The Neo-Assyrian Empire, located in western Asia between approximately 824 and 612 BC, is considered among historians the first true empire in the world (Mark, J 2014). Over the centuries the Assyrians expanded their territory with their extensive military skills from their capital of Ashur to other well-known civilization including Egypt, Mesopotamia, Anatolia and the Levant (Mark, J 2014). Though due to their violent growth they earned the reputation of 'blood thirsty ruffians led by a megalomaniac tyrant', however historians such as Georges Roux beg to differ, stating that the Assyrians were in fact 'great people' wrongly labelled and should be considered the 'most civilised people of the time'. Due to extensive knowledge of the empires enhancements in science, technology, government, and art as well as the possible further reasoning for their violence, Roux's opinion of the Assyrians is considered quite valid.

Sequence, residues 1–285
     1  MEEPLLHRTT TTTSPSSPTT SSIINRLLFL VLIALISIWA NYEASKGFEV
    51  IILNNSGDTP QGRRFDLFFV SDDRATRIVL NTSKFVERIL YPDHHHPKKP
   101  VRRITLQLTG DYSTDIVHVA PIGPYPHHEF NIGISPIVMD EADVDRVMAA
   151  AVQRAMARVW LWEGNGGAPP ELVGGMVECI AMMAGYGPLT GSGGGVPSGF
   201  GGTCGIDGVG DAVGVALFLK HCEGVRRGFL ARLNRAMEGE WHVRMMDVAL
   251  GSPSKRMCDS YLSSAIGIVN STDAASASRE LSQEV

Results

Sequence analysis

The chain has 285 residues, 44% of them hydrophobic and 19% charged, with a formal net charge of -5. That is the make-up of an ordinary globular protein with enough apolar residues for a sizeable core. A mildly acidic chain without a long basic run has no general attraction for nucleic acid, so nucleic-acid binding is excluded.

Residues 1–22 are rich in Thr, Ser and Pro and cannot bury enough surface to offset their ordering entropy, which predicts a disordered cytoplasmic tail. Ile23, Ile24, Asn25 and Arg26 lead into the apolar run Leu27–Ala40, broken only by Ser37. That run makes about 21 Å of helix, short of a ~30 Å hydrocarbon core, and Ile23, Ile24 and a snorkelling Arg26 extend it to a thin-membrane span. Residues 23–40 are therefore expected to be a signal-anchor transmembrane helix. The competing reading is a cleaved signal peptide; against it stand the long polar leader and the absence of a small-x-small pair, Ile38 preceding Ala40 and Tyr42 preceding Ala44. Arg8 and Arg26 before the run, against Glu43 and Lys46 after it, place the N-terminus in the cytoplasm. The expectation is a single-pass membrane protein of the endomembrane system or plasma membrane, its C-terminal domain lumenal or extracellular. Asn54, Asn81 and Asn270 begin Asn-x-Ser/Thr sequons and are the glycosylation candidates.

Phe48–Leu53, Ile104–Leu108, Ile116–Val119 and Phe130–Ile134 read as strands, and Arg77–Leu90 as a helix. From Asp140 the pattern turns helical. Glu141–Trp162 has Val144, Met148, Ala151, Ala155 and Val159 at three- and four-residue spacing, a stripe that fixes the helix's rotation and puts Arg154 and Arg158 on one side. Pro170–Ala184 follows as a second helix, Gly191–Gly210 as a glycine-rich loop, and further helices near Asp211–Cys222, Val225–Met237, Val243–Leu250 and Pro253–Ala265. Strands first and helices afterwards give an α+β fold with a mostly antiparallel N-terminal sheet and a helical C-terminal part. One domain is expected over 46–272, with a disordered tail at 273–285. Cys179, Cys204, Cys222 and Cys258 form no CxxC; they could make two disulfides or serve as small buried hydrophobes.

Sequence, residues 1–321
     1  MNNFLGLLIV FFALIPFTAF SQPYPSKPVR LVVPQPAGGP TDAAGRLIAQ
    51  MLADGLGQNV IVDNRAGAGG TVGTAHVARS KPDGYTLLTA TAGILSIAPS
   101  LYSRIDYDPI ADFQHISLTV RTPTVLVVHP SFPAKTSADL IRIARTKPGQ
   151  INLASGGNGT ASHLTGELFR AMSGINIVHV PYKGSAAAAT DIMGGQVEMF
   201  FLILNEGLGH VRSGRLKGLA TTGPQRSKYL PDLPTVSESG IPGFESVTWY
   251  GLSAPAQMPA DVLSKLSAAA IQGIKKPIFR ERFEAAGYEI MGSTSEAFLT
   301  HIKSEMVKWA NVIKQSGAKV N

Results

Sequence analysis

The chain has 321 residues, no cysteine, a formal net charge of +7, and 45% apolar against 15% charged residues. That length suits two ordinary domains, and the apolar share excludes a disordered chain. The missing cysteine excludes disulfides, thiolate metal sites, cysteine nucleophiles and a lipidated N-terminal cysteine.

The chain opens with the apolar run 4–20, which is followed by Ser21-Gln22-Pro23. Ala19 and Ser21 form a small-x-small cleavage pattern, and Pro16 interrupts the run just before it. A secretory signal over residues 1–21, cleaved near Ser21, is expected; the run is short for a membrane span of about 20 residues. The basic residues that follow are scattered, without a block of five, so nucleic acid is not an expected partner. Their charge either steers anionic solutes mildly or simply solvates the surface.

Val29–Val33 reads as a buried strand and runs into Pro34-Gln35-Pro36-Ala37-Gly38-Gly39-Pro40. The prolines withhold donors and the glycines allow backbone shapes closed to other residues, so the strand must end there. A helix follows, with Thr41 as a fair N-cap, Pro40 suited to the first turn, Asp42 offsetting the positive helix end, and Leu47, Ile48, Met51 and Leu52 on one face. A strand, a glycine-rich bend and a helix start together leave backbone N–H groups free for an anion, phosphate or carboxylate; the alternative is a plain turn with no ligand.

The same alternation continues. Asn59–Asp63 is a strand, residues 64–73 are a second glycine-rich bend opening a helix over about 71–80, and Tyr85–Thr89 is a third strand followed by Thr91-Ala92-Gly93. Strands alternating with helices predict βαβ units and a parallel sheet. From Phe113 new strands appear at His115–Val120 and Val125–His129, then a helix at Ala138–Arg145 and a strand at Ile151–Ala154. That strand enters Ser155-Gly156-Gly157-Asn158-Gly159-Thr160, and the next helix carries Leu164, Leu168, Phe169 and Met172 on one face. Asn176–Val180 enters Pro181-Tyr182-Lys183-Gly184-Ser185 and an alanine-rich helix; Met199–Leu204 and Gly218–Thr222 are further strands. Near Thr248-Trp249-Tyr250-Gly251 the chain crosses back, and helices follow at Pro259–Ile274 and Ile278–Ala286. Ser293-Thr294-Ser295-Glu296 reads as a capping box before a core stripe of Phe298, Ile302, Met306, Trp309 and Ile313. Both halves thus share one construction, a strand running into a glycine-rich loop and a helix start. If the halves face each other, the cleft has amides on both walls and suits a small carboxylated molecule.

It is important to first evaluate the reasons behind the Assyrians 'violent, war-like' reputation. Their aggressiveness was partially attributed to their geographical location. Assyria was in northern Mesopotamia, north of Babylon and with no natural bounders like shores or mountains they were extremely vulnerable to attacks from any direction. This required the presence and most importantly a reputation of a strong and mobile army. The Assyrians achieved this by each year marching on the neighbour that posed the greatest threat and as historian Leonard Cottrell points out they fought with "a calculated use of violence and terror' never extending what they believed necessary (Mark, J 2014). These attacks are referred to as razzias, and were heavily documented on annals and palaces still intact today (Mark, J 2014). This includes an inscription by an Assyrian king Tiglathpileser translated to explain how their religious beliefs played a part in their conquests as well as the brutality of the razzia attacks: "Ashur and the great gods have given me the strength and power to extend the territory of their country.